It’s duff research, the researchers haven’t done their home work.  
Wrong on several counts.  In the first instance the researchers have paid no attention to 31,240 Employment & Support Allowance designated ‘unknown’ in the same May 2015.  The DWP annotation is clear “where the claimant is not in receipt of any benefit payment then the stage of benefit is shown as unknown“.  This means that where the claimant, whatever phase they are in, is not in receipt of a payment (some only being credited with National Insurance contributions), they will be shown as ‘unknown’.  The researchers have no way of ascertaining how many of the 31,240 claimants marked ‘unknown’ in the May 2015 quarter were in fact in the Work Related Activity Group.

Secondly, they make an incorrect assumption over claimants shown as an ‘off – flow’ in the ‘Work Related Activity Group’ as always having been in the group. The group or ‘phase’ is only shown relative to the payment the claimant was in receipt of at the time they ‘off – flowed’ from Employment & Support Allowance.

Thus a claimant who was initially in the Assessment Phase, then placed in the Support Group before being reassessed in to the Work Related Activity Group, then leaves ESA, will ‘off flow’ in the group or phase they were in relative to the end of their claim (the example I’ve just cited would be a Work Related Activity Group off flow).  The phase statistics provide no indication of the history of the claimant prior to their claim ending.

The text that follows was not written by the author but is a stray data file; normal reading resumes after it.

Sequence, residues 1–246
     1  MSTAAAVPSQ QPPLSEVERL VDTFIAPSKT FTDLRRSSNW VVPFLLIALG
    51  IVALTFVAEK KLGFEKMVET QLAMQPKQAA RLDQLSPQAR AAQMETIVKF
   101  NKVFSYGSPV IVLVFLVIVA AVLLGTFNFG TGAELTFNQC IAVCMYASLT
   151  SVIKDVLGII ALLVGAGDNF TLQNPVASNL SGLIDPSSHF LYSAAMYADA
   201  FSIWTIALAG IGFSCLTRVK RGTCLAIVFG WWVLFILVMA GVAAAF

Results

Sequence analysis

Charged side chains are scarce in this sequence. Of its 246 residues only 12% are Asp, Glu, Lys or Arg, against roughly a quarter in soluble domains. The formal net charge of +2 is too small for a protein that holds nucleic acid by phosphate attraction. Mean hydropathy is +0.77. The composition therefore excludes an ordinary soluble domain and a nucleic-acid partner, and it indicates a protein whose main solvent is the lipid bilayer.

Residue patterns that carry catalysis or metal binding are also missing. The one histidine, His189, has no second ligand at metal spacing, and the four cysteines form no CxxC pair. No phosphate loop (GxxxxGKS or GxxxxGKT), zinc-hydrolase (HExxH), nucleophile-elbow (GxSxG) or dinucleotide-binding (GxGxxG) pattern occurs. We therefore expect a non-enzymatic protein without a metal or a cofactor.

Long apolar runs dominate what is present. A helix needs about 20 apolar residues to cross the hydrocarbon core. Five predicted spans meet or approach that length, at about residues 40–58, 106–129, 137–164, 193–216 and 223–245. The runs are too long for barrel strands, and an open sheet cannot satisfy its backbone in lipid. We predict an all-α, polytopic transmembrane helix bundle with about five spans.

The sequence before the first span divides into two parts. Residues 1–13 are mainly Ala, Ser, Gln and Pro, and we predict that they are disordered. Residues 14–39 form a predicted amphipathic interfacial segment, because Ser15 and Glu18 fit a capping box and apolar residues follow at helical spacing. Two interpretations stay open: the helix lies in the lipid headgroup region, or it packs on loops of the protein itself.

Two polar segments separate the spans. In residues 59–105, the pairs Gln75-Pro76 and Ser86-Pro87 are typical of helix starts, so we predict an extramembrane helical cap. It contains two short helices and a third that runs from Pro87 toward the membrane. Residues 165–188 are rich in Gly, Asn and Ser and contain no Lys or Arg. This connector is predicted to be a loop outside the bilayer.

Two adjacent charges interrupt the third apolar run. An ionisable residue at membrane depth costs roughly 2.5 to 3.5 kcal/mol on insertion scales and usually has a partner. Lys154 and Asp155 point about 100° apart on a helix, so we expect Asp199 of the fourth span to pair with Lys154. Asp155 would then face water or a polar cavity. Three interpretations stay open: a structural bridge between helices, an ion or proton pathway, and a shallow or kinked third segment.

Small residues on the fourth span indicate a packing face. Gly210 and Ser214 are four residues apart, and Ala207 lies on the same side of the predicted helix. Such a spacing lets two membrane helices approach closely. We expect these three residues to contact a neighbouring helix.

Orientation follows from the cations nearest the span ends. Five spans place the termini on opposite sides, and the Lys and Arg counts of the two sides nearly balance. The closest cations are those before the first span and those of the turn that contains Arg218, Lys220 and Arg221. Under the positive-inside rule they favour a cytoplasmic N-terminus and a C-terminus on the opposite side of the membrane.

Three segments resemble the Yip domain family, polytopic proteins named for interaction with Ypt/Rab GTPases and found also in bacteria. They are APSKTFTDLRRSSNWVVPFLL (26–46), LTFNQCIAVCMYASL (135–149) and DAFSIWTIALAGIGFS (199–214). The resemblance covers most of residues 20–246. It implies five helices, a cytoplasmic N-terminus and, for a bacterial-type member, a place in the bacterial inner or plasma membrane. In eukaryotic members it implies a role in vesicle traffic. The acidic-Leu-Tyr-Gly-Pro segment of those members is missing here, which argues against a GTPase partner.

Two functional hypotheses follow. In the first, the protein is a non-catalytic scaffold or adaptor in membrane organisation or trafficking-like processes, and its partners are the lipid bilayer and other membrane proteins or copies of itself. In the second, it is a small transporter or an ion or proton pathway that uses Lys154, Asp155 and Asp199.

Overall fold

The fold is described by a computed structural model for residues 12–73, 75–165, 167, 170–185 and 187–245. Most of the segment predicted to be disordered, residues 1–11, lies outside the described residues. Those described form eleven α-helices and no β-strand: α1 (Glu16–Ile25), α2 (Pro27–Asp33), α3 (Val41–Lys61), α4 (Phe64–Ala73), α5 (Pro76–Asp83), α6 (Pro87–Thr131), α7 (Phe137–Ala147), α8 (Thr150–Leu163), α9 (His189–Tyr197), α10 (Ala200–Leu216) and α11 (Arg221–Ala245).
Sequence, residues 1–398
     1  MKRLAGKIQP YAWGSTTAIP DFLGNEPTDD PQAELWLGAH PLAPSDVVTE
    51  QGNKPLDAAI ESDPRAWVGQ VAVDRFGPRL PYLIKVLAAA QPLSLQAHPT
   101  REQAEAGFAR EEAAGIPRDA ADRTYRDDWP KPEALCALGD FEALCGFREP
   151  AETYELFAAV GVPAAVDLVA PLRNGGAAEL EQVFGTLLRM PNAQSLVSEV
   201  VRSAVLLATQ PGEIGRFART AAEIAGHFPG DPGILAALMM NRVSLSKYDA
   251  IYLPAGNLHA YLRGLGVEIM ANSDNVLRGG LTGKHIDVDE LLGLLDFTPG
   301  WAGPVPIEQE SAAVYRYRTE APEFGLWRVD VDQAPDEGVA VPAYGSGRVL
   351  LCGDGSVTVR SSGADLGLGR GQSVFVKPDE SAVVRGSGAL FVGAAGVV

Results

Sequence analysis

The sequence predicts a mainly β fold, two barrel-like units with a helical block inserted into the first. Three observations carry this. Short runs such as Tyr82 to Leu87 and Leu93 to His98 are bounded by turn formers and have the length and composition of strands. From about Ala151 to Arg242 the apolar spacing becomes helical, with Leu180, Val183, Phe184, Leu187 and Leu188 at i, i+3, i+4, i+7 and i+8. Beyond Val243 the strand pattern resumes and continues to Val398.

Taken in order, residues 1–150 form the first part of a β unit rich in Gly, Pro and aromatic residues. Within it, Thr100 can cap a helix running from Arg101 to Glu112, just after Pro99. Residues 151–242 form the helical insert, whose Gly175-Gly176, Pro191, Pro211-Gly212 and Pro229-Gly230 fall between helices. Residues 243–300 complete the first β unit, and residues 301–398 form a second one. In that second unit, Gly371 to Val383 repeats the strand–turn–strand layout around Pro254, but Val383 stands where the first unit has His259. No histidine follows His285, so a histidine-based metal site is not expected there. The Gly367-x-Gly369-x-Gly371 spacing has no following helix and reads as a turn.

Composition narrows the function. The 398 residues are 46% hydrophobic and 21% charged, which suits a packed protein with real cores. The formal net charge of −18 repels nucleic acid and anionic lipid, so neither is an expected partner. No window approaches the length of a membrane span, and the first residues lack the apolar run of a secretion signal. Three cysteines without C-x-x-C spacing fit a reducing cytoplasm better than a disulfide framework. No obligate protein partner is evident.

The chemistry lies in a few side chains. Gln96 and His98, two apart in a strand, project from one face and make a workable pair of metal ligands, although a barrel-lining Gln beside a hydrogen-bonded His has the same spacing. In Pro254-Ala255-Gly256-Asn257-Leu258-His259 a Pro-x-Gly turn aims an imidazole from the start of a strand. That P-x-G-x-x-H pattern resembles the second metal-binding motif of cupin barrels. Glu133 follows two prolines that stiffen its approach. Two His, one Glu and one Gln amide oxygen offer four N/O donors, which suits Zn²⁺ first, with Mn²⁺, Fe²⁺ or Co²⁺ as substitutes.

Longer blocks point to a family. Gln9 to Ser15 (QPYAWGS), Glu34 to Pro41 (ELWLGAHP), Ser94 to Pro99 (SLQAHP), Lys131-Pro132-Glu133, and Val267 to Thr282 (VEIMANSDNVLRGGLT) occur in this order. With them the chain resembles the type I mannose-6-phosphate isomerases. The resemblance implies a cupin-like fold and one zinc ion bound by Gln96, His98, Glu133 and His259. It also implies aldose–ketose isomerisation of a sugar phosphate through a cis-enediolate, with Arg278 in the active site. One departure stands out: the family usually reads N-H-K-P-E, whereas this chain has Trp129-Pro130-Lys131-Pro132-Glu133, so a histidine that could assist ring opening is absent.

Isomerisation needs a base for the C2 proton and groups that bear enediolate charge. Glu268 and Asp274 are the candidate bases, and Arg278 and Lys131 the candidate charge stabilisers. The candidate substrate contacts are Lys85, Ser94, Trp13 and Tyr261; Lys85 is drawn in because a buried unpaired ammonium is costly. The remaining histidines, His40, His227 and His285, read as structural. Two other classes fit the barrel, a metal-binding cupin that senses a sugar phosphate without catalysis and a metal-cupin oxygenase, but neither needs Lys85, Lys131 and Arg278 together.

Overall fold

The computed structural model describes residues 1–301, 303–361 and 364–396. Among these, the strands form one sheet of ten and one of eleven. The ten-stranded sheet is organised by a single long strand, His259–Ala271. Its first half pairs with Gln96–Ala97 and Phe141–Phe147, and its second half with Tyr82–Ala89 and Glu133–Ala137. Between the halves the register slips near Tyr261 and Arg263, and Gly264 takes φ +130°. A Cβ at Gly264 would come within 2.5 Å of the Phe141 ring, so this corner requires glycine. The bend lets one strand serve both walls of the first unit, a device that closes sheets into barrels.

Reform incorrectly associate off – flowing Employment & Support Allowance claimants in the Work Capability Group with claimants who have consistently been in the group by their failure to acknowledge an adverse appeal exit.  Let’s say we had an ex – incapacity claimant who qualified for Employment & Support Allowance and is then subsequently placed in the Work Related Activity Group.  Assuming he or she goes through the appeals process and is found fit for work by the appeal tribunal.  The same claimant will show as an off flow in the Work Related Activity Group because that would be their last payment before their claim ends due to the adverse appeal finding.

Reform put very little in relevant context.  What the full figures show, save for what I’ve already pointed out on the Work Related Activity Group off flow figures, is that between December 2011 and May 2015, the following off flow figures are recorded by the DWP:

  • A total of 2,180,0130 claimants ended claims for Employment & Support Allowance; of which:
  • 466,430 were designated as ‘unknown’ status.
  • 1,275,940 were in the Assessment Phase
  • 236,090 were in the Work Related Activity Group
  • 201,540 were in the Support Group

A substantial number of claimants do come off Employment & Support Allowance, the vast majority in the Assessment Phase. Equally, the figures show 236,090 to have exited their claims when in receipt of a Work Related Activity Group payment.

Reform mention the static number in the Work Related Activity Group (476,500 as of the May 2015 quarter) without looking at the numbers assessed in the group via a Work Capability Assessment.